Many may be shocked to know the majority of votes taken in the legislature are bipartisan. One example, the House and Senate unanimously voted to keep COVID-19 patients out of nursing homes to lessen exposure to non-infected residents. Legislators from both parties gave passionate speeches on the Capitol floor about ending this deadly practice. Unfortunately, politics slithered into the equation and the governor vetoed the bill. I believe both parties want our communities and families to thrive, we just occasionally disagree on the ideology of achieving these outcomes.

10. Have you ever been convicted of a crime?

No.

Amanda Siggins, Democrat, Cadillac

1. Describe your background and reason for running for state rep.

I'm a mom, a business owner, and a proud member of this community.

I'm running to support our schools, save our environment, and help businesses thrive. I want to restore faith in government by making sure all voices are heard. I'm running because, as a small business owner, I know the struggles and I will fight for you. I'm running because our healthcare system needs work and no one seems to be fighting for it. I'm running because I have lived in the 102nd my whole life and I want our community to thrive and be heard.

2. Readers tell us they are concerned about student loans. What is your plan for making post-secondary education affordable in Michigan?

The first public elementary school began In 1837. Public high schools emerged between 1910 and 1940. At that time a high school diploma was a ticket to the middle class. Today it’s a ticket to a minimum wage job that forces folks to work multiple jobs just to make ends meet.

Just as education evolved to meet the needs of society a century ago I believe that it’s time to expand once more adding free community college to public education. This can be paid for by adding tax from marijuana sales to the school budget along with existing sources.

3. COVID-19 has drawn into focus some disparities in the education system, particularly lack of access to broadband. What are your legislative goals for Michigan's kids?

Access to broadband is essential in the time of COVID and beyond for everybody including our rural neighbors.

As a parent of school-age children attending CAPS virtually I see firsthand the frustrations that poor broadband creates. Our current legislators have failed our communities in this area. Right now the ACPBC (The American Connection Project) is working to bridge the digital divide bringing broadband to rural communities like ours. When elected I will work with organizations like this to bring affordable access to Michigan communities. Like electricity, broadband needs to be seen as a public utility accessible to all.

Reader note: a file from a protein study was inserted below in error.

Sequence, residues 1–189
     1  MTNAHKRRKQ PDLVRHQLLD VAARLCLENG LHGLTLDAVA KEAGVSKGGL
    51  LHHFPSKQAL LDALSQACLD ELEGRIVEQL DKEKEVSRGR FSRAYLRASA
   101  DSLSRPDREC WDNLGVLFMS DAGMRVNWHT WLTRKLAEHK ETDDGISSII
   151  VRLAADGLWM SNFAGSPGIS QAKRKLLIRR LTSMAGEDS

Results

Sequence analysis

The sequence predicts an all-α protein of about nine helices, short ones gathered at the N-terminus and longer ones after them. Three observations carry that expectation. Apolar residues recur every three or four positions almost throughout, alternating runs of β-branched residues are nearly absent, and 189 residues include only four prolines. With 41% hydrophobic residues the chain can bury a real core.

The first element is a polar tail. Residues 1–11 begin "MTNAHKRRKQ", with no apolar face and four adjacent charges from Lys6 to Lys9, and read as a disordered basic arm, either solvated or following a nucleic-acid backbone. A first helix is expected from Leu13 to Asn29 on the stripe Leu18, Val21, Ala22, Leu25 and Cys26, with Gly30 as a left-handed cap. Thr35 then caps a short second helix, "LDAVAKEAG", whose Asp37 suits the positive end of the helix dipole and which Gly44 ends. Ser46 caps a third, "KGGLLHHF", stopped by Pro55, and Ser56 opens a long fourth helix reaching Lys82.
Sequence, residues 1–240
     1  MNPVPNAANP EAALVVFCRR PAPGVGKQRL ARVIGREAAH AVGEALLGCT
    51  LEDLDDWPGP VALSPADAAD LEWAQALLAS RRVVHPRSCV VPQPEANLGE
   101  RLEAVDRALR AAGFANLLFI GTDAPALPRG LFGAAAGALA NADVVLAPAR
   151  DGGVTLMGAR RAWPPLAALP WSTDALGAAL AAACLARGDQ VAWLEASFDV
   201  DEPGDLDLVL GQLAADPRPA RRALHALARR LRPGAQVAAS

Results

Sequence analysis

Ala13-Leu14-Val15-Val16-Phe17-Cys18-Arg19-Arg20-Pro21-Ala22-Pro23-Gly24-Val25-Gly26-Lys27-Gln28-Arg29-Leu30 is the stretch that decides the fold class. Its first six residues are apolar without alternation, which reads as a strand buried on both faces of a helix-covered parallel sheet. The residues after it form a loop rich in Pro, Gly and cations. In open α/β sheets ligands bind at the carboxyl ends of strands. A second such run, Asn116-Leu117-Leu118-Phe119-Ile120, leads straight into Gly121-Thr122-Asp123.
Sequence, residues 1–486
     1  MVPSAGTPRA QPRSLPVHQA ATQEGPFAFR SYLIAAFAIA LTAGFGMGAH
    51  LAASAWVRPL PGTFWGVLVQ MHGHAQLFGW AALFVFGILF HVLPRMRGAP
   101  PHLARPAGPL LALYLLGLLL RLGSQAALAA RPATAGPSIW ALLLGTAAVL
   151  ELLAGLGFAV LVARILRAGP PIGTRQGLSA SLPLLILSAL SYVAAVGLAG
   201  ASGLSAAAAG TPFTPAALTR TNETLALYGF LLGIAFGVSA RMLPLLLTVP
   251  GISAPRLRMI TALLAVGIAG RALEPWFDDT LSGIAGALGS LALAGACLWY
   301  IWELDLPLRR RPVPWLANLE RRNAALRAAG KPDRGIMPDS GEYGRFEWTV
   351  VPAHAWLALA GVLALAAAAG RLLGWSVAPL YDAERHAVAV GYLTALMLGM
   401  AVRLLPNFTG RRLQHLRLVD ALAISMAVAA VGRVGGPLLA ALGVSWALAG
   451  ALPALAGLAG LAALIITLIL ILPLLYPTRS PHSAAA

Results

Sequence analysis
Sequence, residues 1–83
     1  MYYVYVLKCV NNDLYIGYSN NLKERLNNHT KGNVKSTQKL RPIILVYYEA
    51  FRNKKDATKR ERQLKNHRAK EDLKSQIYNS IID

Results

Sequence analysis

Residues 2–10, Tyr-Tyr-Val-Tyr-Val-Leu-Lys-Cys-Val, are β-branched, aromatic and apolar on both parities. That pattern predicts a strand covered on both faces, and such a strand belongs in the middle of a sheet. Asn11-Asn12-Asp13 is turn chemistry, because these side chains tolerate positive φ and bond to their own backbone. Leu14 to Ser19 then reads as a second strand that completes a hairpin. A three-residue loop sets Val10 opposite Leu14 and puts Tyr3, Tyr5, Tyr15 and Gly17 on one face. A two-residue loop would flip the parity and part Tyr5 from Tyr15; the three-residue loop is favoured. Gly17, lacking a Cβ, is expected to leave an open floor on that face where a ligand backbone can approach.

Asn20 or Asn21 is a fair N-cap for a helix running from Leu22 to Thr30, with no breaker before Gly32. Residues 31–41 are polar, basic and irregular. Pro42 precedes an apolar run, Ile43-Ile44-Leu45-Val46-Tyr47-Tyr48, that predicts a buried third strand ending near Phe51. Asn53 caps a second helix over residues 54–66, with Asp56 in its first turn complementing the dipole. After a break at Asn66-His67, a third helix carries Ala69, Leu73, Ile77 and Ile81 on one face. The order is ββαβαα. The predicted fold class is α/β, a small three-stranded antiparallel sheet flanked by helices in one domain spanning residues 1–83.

4. Do you believe Michiganders need encouragement to return to work following the pandemic?

I don’t believe Michiganders need to be encouraged to return to work. I believe that Michiganders need to be enabled to return to jobs by providing a safe environment that pays them enough to make ends meet.

5. What are your goals for Medicaid in Michigan?

I believe that healthcare is a human right. I believe that, like every other developed country on Earth, we have a responsibility to take care of our citizens especially our elders and those at risk.

COVID has exposed the flaws in employment-based health insurance as millions of Americans lost their healthcare with their jobs. When our neighbors have to consider financial ruin when faced with illness in the time of a global pandemic it puts the whole community at risk. I believe in the core democratic value of the common good. I believe everyone needs access to healthcare.

6. Readers want to know whether it is possible to add water bottles and non-carbonated drinks to the state's bottle return program?

It is not only possible, but it is a really good idea. Studies show that the recycling rate is vastly greater in states with container deposit laws than those without. Expanding the bottle bill to include non-carbonated beverages will further reduce roadside litter and keep those millions of plastic containers out of landfills. Increased beverage bottle deposits are good for Michigan’s revenue as well as our beautiful state’s environment.

7. What are your environmental priorities?

-Restoring protections to our parks and forests

-Creating jobs in renewable energy and moving away from fossil fuels

-Protecting the Great Lakes including the shutting down of pipeline 5

-Cleaning Brownfields and Restoring desolate properties as opposed to the deforestation to create new ones

-Increasing recycling rates

-Protecting our water from contamination and the bottling of it by corporations for profit

8. One reader asked, "What will you do to help prevent incidents of police overusing their powers?"

I think that all police departments should be held to the highest standards through professional certification that requires continued training including cultural sensitivity, mental health awareness, de-escalation, and community-based 21st century policing.

I support our police officers and believe that with the right resources we can work together to make our community a better and safer place for everyone.

9. On which issue or issues do you agree with the opposing party?

I agree on border patrol for the purpose of decreasing terrorism. I agree on the second amendment with responsible ownership and safety precautions. I support our troops, veterans, police, and first responders and believe that we have a responsibility to take care of them as they do for us. I believe that our senior citizens and children should be a priority and that family values are essential to our success as a country.

I believe that America is the greatest nation and that we have the potential to be the leading economy in the world.

10. Have you ever been convicted of a crime?

When I was 16 I had to move out of a dysfunctional home and fully support myself. I worked two jobs, attended night school, and attended classes at Baker College. I needed my vehicle to get to work and to school. I found myself unable to pay rent and pay to keep my vehicle registration and insurance current. At 16 I was convicted of this misdemeanor as a minor.

Ever since I’ve spent my life doing the right thing in order to be a role for my children, and to provide them the childhood I never had.

Cadillac News